I had a team of about 70 Commonwealth staff and Deloitte had well over 100 people on this project. Between the two of us, we had well over 200 people working on this, easily. I think we did some smart things in the design of the system as well.
FierceHealthIT: Tell me about those [designs in the system].
Clark: One thing we tried to recognize early on was that we'd have a broad range of individuals who would come to the exchange. That might be someone who was Medicaid-eligible to someone who would want to buy health insurance without any financial assistance. So we tried to have a balance in our design to appeal to that broad customer base.
The other smart thing is that we allowed individuals to browse and plan without registering or submitting an application. So it's very easy to come to Kynect and look at the plans offered and understand what's available.
The other cool thing is we allowed an individual or family to do a preliminary screening by capturing just a few pieces of basic information like the size of your household, the ages--this is anonymous--and income. With that, we were able to make a pretty good determination of potential eligibility. So within five minutes, you'd have a pretty good idea who in your household might be eligible for Medicaid or financial assistance with the health plans.
There's essentially a single application for [government program] eligibility or healthcare coverage. In addition to building the exchange, we also stood up a completely new integrated eligibility system… Different members of the household can be eligible for different [government] programs… So within one system, we've got all the business rules it takes to determine eligibility for a household, then we have all the exchange components to shop and enroll in private health insurance and to send that information to the insurance companies. So we can take all that information from one application, then take the family shopping for the plans appropriate for their eligibility. I think that's worked really well.
FierceHealthIT: What technical issues turned out to be trickier than you expected?
Clark: For all of our planning, design, development and testing, the night before Oct. 1, there was still a lingering question, which was, "Will anyone show up?" That question was answered pretty quickly on the morning of Oct. 1. We had so many people coming to the exchange wanting to set up accounts--and I should tell you that in designing the system, we leveraged already existing components for certain functions. One of those was the account-creation function. We had to modify it to comply with the Affordable Care Act. But it was that system that on Oct. 1 became a little overwhelmed with the volume of people that came to the exchange, and we were able to address that by adding servers. The architecture was such that it was running on the Java Virtual Machine, so it was pretty easy to do. And we've not really had any technical problems since.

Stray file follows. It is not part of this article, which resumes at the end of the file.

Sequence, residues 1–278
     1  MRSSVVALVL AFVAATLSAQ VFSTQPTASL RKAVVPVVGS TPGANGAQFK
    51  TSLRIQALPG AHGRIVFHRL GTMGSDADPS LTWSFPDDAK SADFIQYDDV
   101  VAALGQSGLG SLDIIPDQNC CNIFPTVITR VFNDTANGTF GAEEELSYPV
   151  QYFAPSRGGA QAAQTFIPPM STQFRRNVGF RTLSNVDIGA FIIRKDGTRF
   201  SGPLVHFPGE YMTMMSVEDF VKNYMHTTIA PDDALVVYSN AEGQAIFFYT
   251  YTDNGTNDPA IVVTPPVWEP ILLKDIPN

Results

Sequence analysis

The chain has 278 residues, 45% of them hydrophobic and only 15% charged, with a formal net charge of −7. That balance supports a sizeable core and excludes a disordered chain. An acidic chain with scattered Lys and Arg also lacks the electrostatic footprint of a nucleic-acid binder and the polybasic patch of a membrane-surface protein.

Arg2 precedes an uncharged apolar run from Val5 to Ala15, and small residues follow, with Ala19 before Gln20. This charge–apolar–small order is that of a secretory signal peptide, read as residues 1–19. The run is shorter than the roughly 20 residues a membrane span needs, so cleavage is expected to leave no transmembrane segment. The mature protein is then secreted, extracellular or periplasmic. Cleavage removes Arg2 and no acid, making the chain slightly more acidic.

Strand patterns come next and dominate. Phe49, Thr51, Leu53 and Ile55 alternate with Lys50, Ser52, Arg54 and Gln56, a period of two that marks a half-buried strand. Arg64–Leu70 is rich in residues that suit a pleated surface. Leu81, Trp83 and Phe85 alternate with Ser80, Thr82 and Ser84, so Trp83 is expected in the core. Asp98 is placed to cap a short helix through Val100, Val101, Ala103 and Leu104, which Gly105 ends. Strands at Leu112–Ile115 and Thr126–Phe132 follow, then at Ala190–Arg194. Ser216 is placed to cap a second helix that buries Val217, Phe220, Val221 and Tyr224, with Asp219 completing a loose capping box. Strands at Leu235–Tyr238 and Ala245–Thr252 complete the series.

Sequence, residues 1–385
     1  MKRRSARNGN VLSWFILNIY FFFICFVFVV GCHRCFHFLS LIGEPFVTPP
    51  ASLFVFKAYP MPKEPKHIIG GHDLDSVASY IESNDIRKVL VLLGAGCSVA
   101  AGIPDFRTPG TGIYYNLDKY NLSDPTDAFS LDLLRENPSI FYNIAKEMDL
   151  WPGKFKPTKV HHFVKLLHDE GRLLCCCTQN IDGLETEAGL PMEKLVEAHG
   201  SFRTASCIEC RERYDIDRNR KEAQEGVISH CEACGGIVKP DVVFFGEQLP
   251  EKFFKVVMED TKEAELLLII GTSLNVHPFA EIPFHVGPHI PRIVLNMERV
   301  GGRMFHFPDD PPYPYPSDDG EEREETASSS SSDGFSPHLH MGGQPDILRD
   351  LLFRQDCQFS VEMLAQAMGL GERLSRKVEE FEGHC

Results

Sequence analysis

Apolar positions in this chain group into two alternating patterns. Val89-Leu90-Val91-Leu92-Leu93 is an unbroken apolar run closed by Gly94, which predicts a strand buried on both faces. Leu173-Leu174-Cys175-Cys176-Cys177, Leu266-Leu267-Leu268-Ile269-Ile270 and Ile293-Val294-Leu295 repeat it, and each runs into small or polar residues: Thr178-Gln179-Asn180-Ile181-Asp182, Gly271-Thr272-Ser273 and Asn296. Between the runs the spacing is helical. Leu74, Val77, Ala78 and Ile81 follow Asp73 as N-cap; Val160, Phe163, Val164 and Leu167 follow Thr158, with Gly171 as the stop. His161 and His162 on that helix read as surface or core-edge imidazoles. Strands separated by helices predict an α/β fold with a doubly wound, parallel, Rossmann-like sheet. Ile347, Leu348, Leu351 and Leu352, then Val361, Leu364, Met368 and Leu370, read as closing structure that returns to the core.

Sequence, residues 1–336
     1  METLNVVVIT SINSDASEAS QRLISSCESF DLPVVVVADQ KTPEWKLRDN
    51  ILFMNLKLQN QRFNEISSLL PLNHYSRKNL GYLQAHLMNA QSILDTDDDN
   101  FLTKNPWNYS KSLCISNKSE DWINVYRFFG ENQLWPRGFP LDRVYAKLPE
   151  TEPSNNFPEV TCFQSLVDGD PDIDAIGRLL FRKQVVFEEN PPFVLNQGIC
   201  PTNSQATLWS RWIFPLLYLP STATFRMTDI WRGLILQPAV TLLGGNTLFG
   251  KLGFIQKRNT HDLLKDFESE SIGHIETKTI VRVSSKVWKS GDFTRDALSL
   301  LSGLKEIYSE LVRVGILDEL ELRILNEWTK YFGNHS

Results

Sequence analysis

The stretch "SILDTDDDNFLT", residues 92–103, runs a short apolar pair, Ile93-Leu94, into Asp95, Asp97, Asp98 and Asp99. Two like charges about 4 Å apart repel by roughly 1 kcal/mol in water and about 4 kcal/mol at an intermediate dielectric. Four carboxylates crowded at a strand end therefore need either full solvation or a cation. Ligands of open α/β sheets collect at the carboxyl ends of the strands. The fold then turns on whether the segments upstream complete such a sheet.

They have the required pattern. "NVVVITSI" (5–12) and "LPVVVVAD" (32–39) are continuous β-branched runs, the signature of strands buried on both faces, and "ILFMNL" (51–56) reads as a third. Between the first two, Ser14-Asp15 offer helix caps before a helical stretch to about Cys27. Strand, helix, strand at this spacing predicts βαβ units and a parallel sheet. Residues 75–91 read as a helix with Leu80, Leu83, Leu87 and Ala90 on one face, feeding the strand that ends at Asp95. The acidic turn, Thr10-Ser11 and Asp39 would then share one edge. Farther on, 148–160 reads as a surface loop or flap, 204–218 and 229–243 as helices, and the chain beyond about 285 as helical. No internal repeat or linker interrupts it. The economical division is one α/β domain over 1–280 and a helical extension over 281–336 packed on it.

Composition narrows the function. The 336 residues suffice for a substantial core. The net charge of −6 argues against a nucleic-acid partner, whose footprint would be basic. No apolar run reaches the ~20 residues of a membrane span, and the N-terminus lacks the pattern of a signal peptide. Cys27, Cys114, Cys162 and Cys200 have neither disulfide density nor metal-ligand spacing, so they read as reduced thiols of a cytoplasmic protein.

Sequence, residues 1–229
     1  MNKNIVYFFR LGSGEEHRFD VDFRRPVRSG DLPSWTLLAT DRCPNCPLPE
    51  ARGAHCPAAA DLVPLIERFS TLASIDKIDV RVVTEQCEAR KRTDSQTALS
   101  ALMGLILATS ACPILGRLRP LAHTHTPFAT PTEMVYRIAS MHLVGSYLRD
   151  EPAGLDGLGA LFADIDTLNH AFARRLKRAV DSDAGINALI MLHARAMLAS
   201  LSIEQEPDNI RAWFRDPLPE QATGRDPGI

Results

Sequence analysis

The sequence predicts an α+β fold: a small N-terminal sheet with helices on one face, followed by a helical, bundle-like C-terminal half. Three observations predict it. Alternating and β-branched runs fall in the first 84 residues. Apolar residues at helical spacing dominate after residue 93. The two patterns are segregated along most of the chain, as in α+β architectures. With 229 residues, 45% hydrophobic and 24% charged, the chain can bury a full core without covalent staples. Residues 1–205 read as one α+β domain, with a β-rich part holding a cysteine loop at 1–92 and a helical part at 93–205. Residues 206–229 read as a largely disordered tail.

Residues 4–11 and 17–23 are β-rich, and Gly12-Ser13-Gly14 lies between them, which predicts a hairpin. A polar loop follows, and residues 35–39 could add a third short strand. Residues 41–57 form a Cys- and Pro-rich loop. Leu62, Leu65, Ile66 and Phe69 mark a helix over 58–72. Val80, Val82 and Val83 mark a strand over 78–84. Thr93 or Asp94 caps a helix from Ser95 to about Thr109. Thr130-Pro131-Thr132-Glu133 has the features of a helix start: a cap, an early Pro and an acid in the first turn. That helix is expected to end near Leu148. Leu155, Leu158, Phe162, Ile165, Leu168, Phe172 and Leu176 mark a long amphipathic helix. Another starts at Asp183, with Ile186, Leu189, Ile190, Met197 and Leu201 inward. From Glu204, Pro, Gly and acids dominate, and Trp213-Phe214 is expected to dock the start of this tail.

FierceHealthIT: The Healthcare.gov site was criticized for having too little testing. Tell me about the testing you did.
Clark: From July to September, we were really head-down in testing. Deloitte did its own testing and we did ours. We wanted to test the user experience, so we had business users, people from the Medicaid office and our case workers testing it. We also engaged the insurance companies to make sure we had good test cycles on the enrollment. We involved them in defining the transaction rules. So we had broad participation in testing.
FierceHealthIT: What's happening with the exchange going forward?
Clark: Even with the end of open enrollment for qualified plans, Medicaid enrollment is year-round--Kentucky did vote to expand Medicaid. Small-business enrollment is year-round, so in those respects it will be business as usual.
Editor's note: This interview has been condensed and edited for clarity.